Dissertations, Theses, and Capstone Projects

Date of Degree


Document Type


Degree Name



Political Science


Dov Waxman

Subject Categories

Political Science


In much of the political science literature, lobbying is conceptualized as a strategic attempt to influence policy. Policy actors are seen as independent agents competing to achieve policy outcomes that closely resemble their preferences. This understanding of policymaking has acquired a taken-for-granted nature and is therefore seldom questioned. The discourse of policy advocacy as a bargaining process has becomes, in part, a constraining discourse, leading academic inquiry to focus on questions of tactics and policy outcomes and ignore questions of how the policy process itself shapes and influences actors' identities and behavior.

Understood in purely strategic terms, Muslim American foreign policy advocacy post- 9/11 seems puzzling, since it appears to confirm the perception of Muslims as outsiders concerned not with American interests, but with those of other nations. This work argues that in order to explain why Muslim American organizations continue, and in some cases intensify, their lobbying on U.S. foreign policy, we must problematize the way lobbying and policy engagement have been traditionally theorized. Rethinking policymaking as a number of acts through which actors perform and communicate a particular identity can have important implications for our understanding of the policymaking process and the role interest groups play in that process.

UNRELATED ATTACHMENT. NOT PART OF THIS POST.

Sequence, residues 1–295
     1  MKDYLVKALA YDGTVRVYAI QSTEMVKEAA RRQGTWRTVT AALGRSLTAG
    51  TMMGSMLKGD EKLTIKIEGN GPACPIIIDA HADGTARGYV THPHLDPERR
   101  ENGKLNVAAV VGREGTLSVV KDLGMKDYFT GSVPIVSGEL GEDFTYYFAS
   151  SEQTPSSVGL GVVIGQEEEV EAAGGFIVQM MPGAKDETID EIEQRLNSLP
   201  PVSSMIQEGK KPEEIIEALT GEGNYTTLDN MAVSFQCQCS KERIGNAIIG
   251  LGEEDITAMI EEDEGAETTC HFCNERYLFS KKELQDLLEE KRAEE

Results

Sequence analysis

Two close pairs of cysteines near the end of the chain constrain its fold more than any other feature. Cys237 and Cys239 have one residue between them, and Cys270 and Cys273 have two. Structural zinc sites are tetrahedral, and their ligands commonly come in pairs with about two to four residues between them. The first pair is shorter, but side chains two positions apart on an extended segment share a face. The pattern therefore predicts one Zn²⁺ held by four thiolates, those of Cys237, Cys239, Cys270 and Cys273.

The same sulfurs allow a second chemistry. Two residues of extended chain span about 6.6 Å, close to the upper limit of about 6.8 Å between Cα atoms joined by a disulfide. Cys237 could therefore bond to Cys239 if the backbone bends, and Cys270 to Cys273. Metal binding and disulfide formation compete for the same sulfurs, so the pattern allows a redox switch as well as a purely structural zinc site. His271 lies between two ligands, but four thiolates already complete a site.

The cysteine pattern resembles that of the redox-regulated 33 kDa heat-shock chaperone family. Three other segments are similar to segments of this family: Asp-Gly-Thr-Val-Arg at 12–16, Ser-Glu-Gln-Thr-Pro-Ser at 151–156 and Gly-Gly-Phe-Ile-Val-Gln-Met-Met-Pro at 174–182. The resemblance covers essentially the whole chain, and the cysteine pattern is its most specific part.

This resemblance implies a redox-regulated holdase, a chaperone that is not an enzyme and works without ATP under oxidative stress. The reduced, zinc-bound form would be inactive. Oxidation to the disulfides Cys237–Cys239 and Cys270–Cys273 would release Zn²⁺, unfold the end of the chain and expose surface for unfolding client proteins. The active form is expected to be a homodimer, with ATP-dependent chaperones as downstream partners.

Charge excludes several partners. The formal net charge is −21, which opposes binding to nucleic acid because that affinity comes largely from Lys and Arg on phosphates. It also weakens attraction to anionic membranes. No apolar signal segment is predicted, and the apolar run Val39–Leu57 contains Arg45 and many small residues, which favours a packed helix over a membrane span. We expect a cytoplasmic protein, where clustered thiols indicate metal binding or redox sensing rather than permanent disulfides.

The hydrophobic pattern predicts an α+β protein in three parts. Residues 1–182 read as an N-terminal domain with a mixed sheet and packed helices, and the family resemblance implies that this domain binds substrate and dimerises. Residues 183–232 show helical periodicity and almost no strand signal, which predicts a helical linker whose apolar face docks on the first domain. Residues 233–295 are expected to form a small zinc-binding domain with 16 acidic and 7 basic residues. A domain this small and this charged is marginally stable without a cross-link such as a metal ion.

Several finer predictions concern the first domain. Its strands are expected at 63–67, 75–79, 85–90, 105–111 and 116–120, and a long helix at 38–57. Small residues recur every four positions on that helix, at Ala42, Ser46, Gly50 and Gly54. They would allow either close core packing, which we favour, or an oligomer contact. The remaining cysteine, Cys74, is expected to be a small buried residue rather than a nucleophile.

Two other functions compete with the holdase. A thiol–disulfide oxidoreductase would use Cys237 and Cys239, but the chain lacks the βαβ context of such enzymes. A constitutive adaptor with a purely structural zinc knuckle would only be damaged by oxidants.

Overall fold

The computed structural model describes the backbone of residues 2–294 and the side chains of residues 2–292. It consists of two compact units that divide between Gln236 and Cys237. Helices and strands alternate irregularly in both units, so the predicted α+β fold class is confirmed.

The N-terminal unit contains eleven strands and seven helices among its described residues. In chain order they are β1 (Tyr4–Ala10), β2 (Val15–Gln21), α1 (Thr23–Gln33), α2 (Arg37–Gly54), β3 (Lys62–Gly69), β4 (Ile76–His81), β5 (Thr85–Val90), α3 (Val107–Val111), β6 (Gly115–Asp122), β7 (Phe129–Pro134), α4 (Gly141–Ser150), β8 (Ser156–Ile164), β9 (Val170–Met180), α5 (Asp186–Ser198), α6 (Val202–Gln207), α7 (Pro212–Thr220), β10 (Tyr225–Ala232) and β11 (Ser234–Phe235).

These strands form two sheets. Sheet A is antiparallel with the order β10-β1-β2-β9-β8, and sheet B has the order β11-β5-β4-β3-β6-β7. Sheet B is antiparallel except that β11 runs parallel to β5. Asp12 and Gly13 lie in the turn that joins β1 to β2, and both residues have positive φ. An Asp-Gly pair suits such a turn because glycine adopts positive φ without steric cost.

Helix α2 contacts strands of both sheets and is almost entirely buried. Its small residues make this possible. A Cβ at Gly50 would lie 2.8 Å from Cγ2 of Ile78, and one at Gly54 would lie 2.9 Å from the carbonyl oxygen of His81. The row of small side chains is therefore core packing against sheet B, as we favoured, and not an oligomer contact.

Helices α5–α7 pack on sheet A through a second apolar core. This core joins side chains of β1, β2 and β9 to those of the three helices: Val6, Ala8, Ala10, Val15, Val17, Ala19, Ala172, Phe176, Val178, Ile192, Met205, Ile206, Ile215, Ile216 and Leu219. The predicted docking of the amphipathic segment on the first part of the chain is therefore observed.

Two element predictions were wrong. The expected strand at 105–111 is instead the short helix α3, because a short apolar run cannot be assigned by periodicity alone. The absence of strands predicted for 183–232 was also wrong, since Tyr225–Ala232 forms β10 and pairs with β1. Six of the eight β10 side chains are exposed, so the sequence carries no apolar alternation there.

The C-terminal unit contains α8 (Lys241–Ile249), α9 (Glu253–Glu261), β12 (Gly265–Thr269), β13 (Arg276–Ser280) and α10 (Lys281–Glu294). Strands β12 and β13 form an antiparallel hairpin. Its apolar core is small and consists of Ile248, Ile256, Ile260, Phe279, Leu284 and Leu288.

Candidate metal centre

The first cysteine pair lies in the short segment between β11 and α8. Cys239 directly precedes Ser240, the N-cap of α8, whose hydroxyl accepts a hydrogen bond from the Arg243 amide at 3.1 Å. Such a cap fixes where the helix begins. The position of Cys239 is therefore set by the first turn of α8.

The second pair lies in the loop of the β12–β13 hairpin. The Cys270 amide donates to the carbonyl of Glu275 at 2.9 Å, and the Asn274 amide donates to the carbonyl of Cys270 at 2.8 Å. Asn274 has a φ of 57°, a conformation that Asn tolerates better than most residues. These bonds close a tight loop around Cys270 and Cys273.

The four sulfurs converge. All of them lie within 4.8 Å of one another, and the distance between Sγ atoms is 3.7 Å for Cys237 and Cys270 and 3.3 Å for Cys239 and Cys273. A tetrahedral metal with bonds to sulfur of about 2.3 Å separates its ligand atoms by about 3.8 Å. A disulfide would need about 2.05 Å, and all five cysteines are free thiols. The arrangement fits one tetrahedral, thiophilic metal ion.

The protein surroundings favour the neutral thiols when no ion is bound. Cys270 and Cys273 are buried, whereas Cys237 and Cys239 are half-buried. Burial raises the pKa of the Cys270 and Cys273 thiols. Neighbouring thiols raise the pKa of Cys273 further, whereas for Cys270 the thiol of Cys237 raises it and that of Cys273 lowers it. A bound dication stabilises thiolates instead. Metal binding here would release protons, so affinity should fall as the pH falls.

I will present an in-depth case study of the two existing Muslim American interest groups, the Council of American Islamic Relations (CAIR) and the Muslim Public Affairs Council (MPAC), focusing in particular on their post-9/11 foreign policy advocacy. The primary goal of this paper is to analyze how CAIR and MPAC are (re)presenting Muslim American identity through the various policy acts in which they engage. I argue that examining these acts will help us better understand how, and what kind of, Muslim American identity is being performed. Methodologically, this paper relies on a critical discourse analysis approach. Consequently, the data sources examined and used to illustrate this argument are the policy discourse produced by these organizations, which include policy reports and recommendations, public statements, action alerts, op-eds, and qualitative interviews.